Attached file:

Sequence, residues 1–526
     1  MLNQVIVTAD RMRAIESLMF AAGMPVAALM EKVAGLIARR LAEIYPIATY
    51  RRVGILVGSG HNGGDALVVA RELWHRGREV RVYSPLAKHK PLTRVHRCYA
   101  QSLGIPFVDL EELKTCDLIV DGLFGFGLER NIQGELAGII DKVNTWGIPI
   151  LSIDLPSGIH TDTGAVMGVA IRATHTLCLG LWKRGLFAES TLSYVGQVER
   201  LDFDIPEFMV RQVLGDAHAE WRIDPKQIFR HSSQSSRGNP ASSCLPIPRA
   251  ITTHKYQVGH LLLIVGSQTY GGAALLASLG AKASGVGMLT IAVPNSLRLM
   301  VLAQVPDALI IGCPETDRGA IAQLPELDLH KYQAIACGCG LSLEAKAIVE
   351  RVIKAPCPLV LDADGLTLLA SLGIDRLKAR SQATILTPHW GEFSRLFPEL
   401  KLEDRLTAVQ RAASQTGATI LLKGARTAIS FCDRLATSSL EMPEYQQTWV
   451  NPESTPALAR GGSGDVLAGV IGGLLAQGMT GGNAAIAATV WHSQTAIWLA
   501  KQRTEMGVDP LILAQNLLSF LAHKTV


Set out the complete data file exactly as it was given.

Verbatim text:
Sequence, residues 1–526
     1  MLNQVIVTAD RMRAIESLMF AAGMPVAALM EKVAGLIARR LAEIYPIATY
    51  RRVGILVGSG HNGGDALVVA RELWHRGREV RVYSPLAKHK PLTRVHRCYA
   101  QSLGIPFVDL EELKTCDLIV DGLFGFGLER NIQGELAGII DKVNTWGIPI
   151  LSIDLPSGIH TDTGAVMGVA IRATHTLCLG LWKRGLFAES TLSYVGQVER
   201  LDFDIPEFMV RQVLGDAHAE WRIDPKQIFR HSSQSSRGNP ASSCLPIPRA
   251  ITTHKYQVGH LLLIVGSQTY GGAALLASLG AKASGVGMLT IAVPNSLRLM
   301  VLAQVPDALI IGCPETDRGA IAQLPELDLH KYQAIACGCG LSLEAKAIVE
   351  RVIKAPCPLV LDADGLTLLA SLGIDRLKAR SQATILTPHW GEFSRLFPEL
   401  KLEDRLTAVQ RAASQTGATI LLKGARTAIS FCDRLATSSL EMPEYQQTWV
   451  NPESTPALAR GGSGDVLAGV IGGLLAQGMT GGNAAIAATV WHSQTAIWLA
   501  KQRTEMGVDP LILAQNLLSF LAHKTV